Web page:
This article first appeared in the Times.
The first sufferer is now free of the genetic form of the disease thanks to the work of Doug Melton, a US scientist inspired by his baby son’s illness.
When Doug Melton set out to cure type 1 diabetes, it is fair to say he underestimated the scale of the task.
It was 1991 and his six-month-old son Sam had just been diagnosed with the autoimmune condition. The symptoms were terrifying: the tiny baby shaking and vomiting until he was given the insulin that would save his life. But even with treatment the consequences were stark — fingerprick blood tests four times a day, regular insulin injections and the looming threat of sight loss, kidney problems and heart disease.
Melton, a Harvard scientist who until that point had been studying the development of frogs, switched his attention to diabetes. He made his wife Gail a promise.
“I told her that within four or five years, I could figure out how to turn stem cells into beta cells,” he says. That challenge — to take blank embryonic cells and turn them into the type of cells that produce insulin in the pancreas — took 15 years, by which point his daughter, Emma, had also been diagnosed. “It shows you how bad I am at predictions,” he says.
Now, 30 years after Melton set out on his mission, the first patient has received the treatment he dreamt of all those years ago. And the results are better than anything he could have hoped for. In June, Brian Shelton, 64, received an infusion of beta cells. He is now living without insulin injections for the first time in four decades.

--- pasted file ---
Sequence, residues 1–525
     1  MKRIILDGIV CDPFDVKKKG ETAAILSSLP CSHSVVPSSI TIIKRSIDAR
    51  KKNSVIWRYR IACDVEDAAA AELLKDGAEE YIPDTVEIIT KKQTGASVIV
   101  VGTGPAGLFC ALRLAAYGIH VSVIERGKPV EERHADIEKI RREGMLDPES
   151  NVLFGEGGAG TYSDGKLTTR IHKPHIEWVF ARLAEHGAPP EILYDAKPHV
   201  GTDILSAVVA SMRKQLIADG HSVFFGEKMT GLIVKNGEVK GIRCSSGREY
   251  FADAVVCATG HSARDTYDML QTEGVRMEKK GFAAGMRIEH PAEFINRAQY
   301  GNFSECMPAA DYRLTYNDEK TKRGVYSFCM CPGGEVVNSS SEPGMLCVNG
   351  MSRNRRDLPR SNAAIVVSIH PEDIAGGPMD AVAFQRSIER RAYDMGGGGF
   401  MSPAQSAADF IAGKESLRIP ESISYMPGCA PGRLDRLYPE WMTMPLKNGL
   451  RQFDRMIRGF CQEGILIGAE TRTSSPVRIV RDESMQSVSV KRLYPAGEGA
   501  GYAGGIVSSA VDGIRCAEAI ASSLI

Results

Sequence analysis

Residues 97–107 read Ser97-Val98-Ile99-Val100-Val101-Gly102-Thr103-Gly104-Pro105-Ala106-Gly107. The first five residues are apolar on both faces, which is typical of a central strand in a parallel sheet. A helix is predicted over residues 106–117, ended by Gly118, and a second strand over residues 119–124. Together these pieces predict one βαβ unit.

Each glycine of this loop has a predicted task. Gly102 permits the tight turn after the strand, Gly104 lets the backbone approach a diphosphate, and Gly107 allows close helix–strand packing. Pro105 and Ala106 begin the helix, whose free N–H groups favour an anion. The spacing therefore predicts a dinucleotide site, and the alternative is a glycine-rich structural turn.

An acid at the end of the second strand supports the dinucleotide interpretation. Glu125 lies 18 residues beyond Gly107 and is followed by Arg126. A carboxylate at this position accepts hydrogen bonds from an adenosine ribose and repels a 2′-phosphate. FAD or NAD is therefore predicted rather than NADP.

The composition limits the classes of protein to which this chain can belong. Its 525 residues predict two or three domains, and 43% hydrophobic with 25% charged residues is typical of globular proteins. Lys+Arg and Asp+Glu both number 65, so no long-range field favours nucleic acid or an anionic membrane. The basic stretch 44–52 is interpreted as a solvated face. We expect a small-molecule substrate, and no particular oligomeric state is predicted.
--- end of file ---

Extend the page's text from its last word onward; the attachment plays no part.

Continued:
“It’s a whole new life,” Shelton told The New York Times in an interview last weekend. “It’s like a miracle.”
Melton, 68, has never met Shelton. Vertex, the multinational pharmaceutical giant which owns the rights to his treatment, informed him last month that the first stage of the trial had worked, but at that point Shelton had been listed as an anonymous trial participant. Seeing his picture in the newspaper, complete with his “First in Human” T-shirt, was an emotional moment.
“I just loved reading about him,” Melton says. “I was hoping that in the first patient there would be at least some evidence that the cells produced insulin. But this was the best possible result. Given that the patient only had half of the target dose, for the first result it just couldn’t be any better.”
Despite his excitement, Melton is circumspect. “Let’s remember this is just one patient. And it is only four or five months on. One has to be cautious about reproducing it with other patients.”
Why has it taken so long to get this far? “I have some good excuses,” Melton says. “The political question about whether you could use embryonic stem cells was a much harder problem than I realised.”
Melton’s strategy relies on using embryonic stem cells, the blank cells present in the first days of gestation which have the potential to become any cell in the human body.
In 2001, President George W Bush, spurred on by the pro-life movement, banned the use of federal funding for research using embryos. Melton had to separate his stem-cell lab from everything else at Harvard. He eventually secured philanthropic funding to set up a separate lab, but it set him back years.
Eventually, having proven his technique worked, he formed a company called Semma Therapeutics — named after Sam and Emma — which in 2019 was bought by Vertex for $950 million (£720 million).